Local supercluster. Each white dot is a galaxy; red regions have lots of galaxies, dark blue regions are voids with few. The white lines represent flow streams, along which galaxies are moving toward the center of mass of Laniakea. The blue dot to the right is our location, near the edge of the supercluster.
Illustration by SDvision interactive visualization software by DP at CEA/Saclay, France.
Our Milky Way galaxy is a member of the Local Group of galaxies which lies on the outskirts of a large structure of galaxies now called the “Local Supercluster.” Although it was first identified on very early sky maps of the distribution of nebulae (e.g. Messier’s catalog of nebulae and the New General Catalogue of Dreyer), it was only first recognized as a dynamical entity about 50 years ago by Gerard de Vaucouleurs after early measurements of the redshifts of its brightest members confirmed that they were generally all in the same volume of space and relatively nearby. DeVaucouleurs (1956) originally called the structure the “Local Supergalaxy,” but in 1958 he renamed it the Local Supercluster (LSC). We now know of many structures similar or larger in size, often containing more than one galaxy cluster, and generally called Superclusters.
The LSC is roughly centered on the Virgo Cluster, the nearest cluster of galaxies containing several hundred bright galaxies in a volume a few Megaparsecs (roughly 10 million light-years) across. As can be seen by looking at the sky map below, it is a flattened, planar structure with a halo of other groups and clouds of galaxies. The Virgo Cluster itself, subject of another exercise, is at a distance of approximately 16.7 Megaparsecs (55 million light-years) as determined by distance measurements with the Hubble Space telescope.
About 30 years ago, with the discovery of the ubiquitousness of dark matter and the realization that the LSC should have a measurable effect on the Local Group (Peebles 1973; Silk 1973; Gunn)
The purpose of this project is to study the properties of the Local Supercluster with a new and deep all-sky survey of galaxies, the 2MASS Redshift Survey (2MRS). We will measure several global properties of the LSC, including its size and shape. We will examine maps of the distribution of galaxies in the supercluster and the distribution by morphological type.
The Local Supercluster, a flattened collection of about 100 groups and clusters of galaxies including the Local Group. The Local Supercluster is centred approximately on the Virgo cluster and has a total extent of roughly 200.000.000 light-years. Its precise boundaries, however, are difficult to define inasmuch as the local enhancement in numbers of galaxies above the cosmological average in all likelihood just blends smoothly into the background.
Also apparent in the Shapley-Ames maps were three independent concentrations of galaxies, separate superclusters viewed from a distance. Astronomers now believe superclusters fill perhaps 10 percent of the volume of the universe. Most galaxies, groups, and clusters belong to superclusters, the space between superclusters being relatively empty. The dimensions of superclusters range up to a few times 100.000.000 light-years. For larger scales the distribution of galaxies is essentially homogeneous and isotropic—that is, there is no evidence for the clustering of superclusters. This fact can be understood by recognizing that the time it takes a randomly moving galaxy to traverse the long axis of a supercluster is typically comparable to the age of the universe. Thus, if the universe started out homogeneous and isotropic on small scales, there simply has not been enough time for it to become inhomogeneous on scales much larger than superclusters. This interpretation is consistent with the observation that superclusters themselves look dynamically unrelaxed—that is, they lack the regular equilibrium shapes and central concentrations that typify systems well mixed by several crossings.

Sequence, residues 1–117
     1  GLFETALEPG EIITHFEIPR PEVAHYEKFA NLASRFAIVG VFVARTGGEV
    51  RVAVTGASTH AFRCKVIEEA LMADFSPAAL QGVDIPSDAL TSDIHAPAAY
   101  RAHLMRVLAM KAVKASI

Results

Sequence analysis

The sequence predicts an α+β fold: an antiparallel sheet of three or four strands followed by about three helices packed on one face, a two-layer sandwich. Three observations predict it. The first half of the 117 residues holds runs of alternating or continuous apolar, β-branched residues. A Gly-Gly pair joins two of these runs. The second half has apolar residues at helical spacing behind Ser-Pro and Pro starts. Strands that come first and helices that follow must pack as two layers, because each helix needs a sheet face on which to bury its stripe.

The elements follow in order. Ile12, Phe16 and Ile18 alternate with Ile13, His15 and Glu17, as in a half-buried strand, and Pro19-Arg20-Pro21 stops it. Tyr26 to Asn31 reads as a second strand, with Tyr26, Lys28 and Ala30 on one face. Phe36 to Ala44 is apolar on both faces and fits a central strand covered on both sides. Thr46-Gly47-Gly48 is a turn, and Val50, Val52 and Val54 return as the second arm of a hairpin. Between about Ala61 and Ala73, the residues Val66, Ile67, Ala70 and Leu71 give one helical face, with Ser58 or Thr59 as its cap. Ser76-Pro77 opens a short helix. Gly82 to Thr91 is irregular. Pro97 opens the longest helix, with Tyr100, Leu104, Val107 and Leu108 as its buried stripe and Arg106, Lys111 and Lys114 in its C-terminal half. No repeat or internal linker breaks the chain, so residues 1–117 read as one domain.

The locations of the galaxies within the volume of the Local Supercluster are displayed here on an Aitoff equal area grid in celestial coordinates, Right Ascension (R.A.) and Declination (Decl.).
All of these objects have measured recessional velocities less than 3,000 km/s.
The map is centered on R.A.= 6 hours, Decl. = 0 degrees.
The continous lines that rise diagonally through the center of the map show the locus in celestial coordinates of the lines of constant galactic latitude at -20deg, 0 and +20 deg. delineating the Zone of Avoidance, where distant galaxies are obscured at optical wavelengths by the dust and gas within the Milky Way.
It is pretty clear on this representation that there are more galaxies on the left side of the map than on the right side. This asymmetry occurs because the Local Group is located on the edge of the Local Supercluster. When we look towards the center, we see lots of galaxies; when we look away from the center, we see many fewer.
With a bit more imagination, trace a continuous line through the concentration in Virgo, across the zone of avoidance, through the right side and back again through the north pole. This continuous distribution is the Supergalactic plane. Although less well defined that the galactic plane, its presence indicates that the Local Supercluster, like the Milky Way, is a flattened structure.
Within the Local Supercluster, galaxies tend to be found in groups and clouds, with other regions being relatively empty.